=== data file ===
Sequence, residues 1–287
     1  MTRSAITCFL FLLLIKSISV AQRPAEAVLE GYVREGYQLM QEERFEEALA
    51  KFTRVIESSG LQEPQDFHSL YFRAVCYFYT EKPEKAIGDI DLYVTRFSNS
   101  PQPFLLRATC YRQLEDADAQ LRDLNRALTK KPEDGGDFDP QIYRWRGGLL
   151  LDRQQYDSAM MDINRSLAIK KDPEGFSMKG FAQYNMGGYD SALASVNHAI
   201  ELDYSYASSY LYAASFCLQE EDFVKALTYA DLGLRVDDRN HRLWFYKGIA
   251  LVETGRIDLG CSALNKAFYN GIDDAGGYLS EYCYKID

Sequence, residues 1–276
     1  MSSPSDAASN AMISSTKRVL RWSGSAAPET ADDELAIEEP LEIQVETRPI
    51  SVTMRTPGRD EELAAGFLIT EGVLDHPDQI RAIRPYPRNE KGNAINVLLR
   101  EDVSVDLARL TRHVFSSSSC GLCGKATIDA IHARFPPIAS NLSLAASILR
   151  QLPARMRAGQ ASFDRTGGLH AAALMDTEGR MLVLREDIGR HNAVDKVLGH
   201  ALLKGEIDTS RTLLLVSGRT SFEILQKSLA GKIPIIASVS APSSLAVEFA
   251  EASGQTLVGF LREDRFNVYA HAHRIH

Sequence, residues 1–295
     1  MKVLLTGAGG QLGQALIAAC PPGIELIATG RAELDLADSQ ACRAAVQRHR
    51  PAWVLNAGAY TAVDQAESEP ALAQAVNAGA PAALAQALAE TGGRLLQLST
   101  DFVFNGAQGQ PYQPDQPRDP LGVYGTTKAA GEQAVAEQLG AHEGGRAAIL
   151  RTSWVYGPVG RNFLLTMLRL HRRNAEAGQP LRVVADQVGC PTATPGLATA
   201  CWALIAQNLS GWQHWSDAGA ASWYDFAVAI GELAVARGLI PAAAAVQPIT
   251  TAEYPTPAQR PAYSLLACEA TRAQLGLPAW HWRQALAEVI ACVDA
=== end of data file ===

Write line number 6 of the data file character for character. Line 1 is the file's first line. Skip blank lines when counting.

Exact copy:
   201  ELDYSYASSY LYAASFCLQE EDFVKALTYA DLGLRVDDRN HRLWFYKGIA